We started by asking “Will only a few be saved?” We have seen Jesus turn that abstract theological inquiry around and say, “Examine yourselves! Strive to enter by ME! Discipline yourself to value me above all else NOW, or the door may be shut in your face. Many will be left outside! Don’t be among them!”
So Jesus has given a necessary warning which all need to hear. But what about the question itself? Does Jesus mean that only a few will be saved?
NO! Jesus brackets this discussion of the narrow door with parables and images that tell us of the extent of the kingdom.
18 He said therefore, "What is the kingdom of God like? And to what shall I compare it? 19 It is like a grain of mustard seed that a man took and sowed in his garden, and it grew and became a tree, and the birds of the air made nests in its branches." 20 And again he said, "To what shall I compare the kingdom of God? 21 It is like leaven that a woman took and hid in three measures of flour, until it was all leavened." (Luke 13:18-21)
Each of these images shows something that looks small – a mustard seed, a tablespoon of yeast – which grow and spread widely. Just so, the Kingdom may look small, but it too is becoming huge and extensive.
And then, after giving the warning, Jesus says in verse 29 that the citizens of the Kingdom will come from the four corners of the earth to feast with Him.
29 And they shall come from the east, and from the west, and from the north, and from the south, and shall sit down in the kingdom of God.
Verse 30 tells us that the saved will not be the folks we might expect – but they will come! And elsewhere (Revelation 7:9) the Bible is even more explicit:
After this I looked, and behold, a great multitude that no one could number, from every nation, from all tribes and peoples and languages, standing before the throne and before the Lamb, clothed in white robes, with palm branches in their hands, 10 and crying out with a loud voice, "Salvation belongs to our God who sits on the throne, and to the Lamb!" (Revelation 7:9-10)
So the door is narrow, and we must strive to enter through it. Jesus alone is the way to salvation. Yet, praise God, an untold multitude will indeed enter through it! We will praise God for all eternity with those from all over the earth. Many, many will be saved.
So this passage gives us two challenges – and each challenge is both personal and corporate, each challenge is for us individually and for us as the church.
First challenge, Personal: Examine your heart! Don't assume that because you are religious you are saved! Don’t depend on your sincerity, or your moral goodness. Strive to enter by the narrow door! Strive to become like Him! Discipline yourself so that you might fight the fight of faith! The door is open now but may not be open for you tomorrow. Repent today! Do not wait!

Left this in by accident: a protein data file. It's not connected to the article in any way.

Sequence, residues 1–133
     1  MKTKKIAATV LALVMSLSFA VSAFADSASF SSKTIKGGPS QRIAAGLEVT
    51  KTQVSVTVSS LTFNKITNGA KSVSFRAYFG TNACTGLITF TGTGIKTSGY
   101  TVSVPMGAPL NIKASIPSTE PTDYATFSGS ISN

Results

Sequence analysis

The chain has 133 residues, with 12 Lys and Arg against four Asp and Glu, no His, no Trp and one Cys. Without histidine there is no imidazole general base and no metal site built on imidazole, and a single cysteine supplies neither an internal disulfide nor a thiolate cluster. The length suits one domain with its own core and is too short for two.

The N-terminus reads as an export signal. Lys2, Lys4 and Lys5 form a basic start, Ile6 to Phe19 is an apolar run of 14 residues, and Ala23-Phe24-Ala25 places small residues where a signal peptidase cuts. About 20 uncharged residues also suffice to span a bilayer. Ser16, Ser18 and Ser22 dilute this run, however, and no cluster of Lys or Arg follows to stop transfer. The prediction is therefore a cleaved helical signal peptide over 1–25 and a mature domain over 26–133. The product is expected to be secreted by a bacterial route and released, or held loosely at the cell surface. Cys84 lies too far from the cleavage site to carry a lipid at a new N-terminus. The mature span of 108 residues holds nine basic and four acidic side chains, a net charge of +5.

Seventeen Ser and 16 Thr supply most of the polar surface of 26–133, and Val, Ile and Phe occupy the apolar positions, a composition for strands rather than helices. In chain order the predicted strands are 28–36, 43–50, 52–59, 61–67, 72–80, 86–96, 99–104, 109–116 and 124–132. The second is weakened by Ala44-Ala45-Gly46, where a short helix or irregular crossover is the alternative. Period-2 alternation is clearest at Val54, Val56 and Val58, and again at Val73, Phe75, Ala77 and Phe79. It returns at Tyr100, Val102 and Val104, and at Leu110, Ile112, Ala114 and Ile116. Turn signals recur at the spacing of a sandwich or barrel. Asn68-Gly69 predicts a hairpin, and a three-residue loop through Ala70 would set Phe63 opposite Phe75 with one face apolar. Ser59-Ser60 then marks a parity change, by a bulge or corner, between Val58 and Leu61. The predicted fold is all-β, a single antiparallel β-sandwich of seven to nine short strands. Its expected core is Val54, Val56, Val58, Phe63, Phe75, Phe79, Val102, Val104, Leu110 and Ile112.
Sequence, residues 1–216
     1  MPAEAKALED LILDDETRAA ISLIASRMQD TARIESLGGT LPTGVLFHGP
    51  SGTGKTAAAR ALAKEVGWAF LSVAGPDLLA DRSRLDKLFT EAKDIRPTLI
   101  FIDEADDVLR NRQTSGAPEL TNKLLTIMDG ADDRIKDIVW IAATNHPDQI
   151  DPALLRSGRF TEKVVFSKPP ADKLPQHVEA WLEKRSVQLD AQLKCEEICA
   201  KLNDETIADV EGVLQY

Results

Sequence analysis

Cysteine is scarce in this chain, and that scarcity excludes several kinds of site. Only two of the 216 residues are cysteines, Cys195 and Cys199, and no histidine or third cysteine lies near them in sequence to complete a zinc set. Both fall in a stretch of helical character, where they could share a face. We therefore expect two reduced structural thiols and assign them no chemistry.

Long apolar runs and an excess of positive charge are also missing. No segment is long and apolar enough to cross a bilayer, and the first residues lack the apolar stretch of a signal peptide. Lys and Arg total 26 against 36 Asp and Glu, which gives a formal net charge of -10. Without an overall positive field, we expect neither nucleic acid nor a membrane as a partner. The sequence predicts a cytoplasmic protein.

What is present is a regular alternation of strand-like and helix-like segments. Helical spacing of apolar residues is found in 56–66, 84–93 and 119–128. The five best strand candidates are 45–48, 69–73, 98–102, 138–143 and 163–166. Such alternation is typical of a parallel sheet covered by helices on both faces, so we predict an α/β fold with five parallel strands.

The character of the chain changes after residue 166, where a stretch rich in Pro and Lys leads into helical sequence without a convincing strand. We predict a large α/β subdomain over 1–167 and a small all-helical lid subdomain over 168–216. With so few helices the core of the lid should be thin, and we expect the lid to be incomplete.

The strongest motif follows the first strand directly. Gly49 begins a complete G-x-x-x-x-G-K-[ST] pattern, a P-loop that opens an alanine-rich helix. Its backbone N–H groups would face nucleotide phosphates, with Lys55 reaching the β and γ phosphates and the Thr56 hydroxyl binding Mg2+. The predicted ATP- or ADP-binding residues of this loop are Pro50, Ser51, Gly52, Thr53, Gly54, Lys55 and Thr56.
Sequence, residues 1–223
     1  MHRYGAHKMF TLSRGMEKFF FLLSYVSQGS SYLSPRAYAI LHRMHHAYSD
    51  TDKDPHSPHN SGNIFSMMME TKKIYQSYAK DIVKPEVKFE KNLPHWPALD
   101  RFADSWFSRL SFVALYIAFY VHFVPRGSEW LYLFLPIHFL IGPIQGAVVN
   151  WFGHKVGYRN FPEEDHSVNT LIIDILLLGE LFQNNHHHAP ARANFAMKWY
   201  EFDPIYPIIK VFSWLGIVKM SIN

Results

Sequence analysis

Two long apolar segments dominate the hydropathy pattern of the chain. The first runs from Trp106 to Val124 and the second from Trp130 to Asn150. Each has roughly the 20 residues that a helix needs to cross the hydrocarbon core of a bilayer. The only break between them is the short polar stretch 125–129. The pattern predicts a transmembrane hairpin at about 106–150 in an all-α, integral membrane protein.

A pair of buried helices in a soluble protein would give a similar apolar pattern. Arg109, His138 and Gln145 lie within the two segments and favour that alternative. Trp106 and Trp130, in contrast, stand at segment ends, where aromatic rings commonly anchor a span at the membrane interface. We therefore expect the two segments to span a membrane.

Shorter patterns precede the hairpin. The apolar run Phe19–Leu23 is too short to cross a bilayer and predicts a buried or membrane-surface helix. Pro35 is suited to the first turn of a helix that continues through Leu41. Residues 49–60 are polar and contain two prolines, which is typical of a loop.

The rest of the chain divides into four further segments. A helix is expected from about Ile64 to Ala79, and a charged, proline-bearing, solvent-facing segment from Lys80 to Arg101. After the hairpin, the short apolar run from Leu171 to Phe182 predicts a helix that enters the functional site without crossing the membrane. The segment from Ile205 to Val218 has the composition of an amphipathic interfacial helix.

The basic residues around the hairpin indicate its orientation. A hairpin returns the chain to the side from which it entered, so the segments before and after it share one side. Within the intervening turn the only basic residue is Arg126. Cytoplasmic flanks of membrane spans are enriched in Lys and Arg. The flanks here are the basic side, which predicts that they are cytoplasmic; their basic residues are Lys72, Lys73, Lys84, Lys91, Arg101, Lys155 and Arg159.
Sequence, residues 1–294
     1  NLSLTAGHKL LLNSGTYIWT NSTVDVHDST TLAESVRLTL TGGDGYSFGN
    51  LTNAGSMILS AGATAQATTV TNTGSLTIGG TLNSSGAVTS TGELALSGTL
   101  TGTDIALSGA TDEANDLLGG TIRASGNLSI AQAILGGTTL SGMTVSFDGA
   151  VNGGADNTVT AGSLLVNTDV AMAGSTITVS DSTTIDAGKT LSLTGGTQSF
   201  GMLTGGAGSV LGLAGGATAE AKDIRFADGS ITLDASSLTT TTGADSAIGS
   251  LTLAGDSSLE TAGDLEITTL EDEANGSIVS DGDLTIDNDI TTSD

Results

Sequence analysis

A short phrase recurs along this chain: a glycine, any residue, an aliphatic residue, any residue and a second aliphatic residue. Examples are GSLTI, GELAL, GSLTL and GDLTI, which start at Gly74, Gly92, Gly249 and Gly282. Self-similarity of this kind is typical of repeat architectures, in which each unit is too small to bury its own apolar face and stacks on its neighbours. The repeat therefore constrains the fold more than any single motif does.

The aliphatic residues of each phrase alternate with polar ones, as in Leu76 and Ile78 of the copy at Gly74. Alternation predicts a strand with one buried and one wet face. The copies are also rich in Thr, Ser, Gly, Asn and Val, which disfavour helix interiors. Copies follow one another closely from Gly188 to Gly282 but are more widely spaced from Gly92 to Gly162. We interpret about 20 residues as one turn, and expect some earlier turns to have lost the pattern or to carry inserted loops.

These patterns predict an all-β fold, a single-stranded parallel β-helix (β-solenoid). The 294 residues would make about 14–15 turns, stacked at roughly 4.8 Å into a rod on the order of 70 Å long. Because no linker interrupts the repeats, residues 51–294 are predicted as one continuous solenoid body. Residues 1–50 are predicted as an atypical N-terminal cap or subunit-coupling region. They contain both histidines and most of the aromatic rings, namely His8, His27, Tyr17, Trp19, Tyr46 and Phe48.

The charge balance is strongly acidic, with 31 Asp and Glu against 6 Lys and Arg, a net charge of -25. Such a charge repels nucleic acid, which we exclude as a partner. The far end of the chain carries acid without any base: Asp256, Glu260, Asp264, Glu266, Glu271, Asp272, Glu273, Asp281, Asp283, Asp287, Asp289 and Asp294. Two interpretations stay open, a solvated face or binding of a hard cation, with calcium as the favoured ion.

First challenge, corporate:
Second challenge, Personal: God's Kingdom is for those from all the four corners of the earth. In this sense, the door is wide.
Do you have that worldwide vision? Do you see those who are last today and think, “God saves men like this!”? Or do you turn away, thinking there is no hope for them?
Do you see those who are held captive through generations of false religion and think, “God can break down all those barriers!”? Or do you turn your focus only to those like yourself?
Second challenge, corporate:
Does Desiring God Community Church see God working among ALL the people-groups around the world and among all the nations God has brought to North Carolina?
Do we believe – and do we act on the belief – that God has elect among every ethnic group?
What can we as Desiring God Community Church do to reach and serve and love and bring to saving knowledge those from every tribe and tongue and people and nation that are nearby?
God calls the church today – just like he called Paul and Peter - to cross-cultural ministry, both internationally and next door. Are you fulfilling that calling?
Praise God, He is saving not only a few but an uncountable multitude. He will break down every cultural barrier and make these peoples into One Bride for His own glory.
And praise God, He will bring all this multitude in through the narrow door of Jesus.
May this church preach these truths, proclaim them – and be used by Him to bring many of that multitude to Himself.
This version of the sermon was preached at Desiring God Community Church in Charlotte, NC on 7/21/03. An earlier version was preached at Faith Bible Church in Sanford, NC, on 1/26/03. The quote from an evangelical leader is taken from Iain Murray, Evangelicalism Divided, Banner of Truth, 2000, p. 74. The speaker is Billy Graham. The Charles Spurgeon quote is taken from the morning reading for June 28 from Morning and Evening.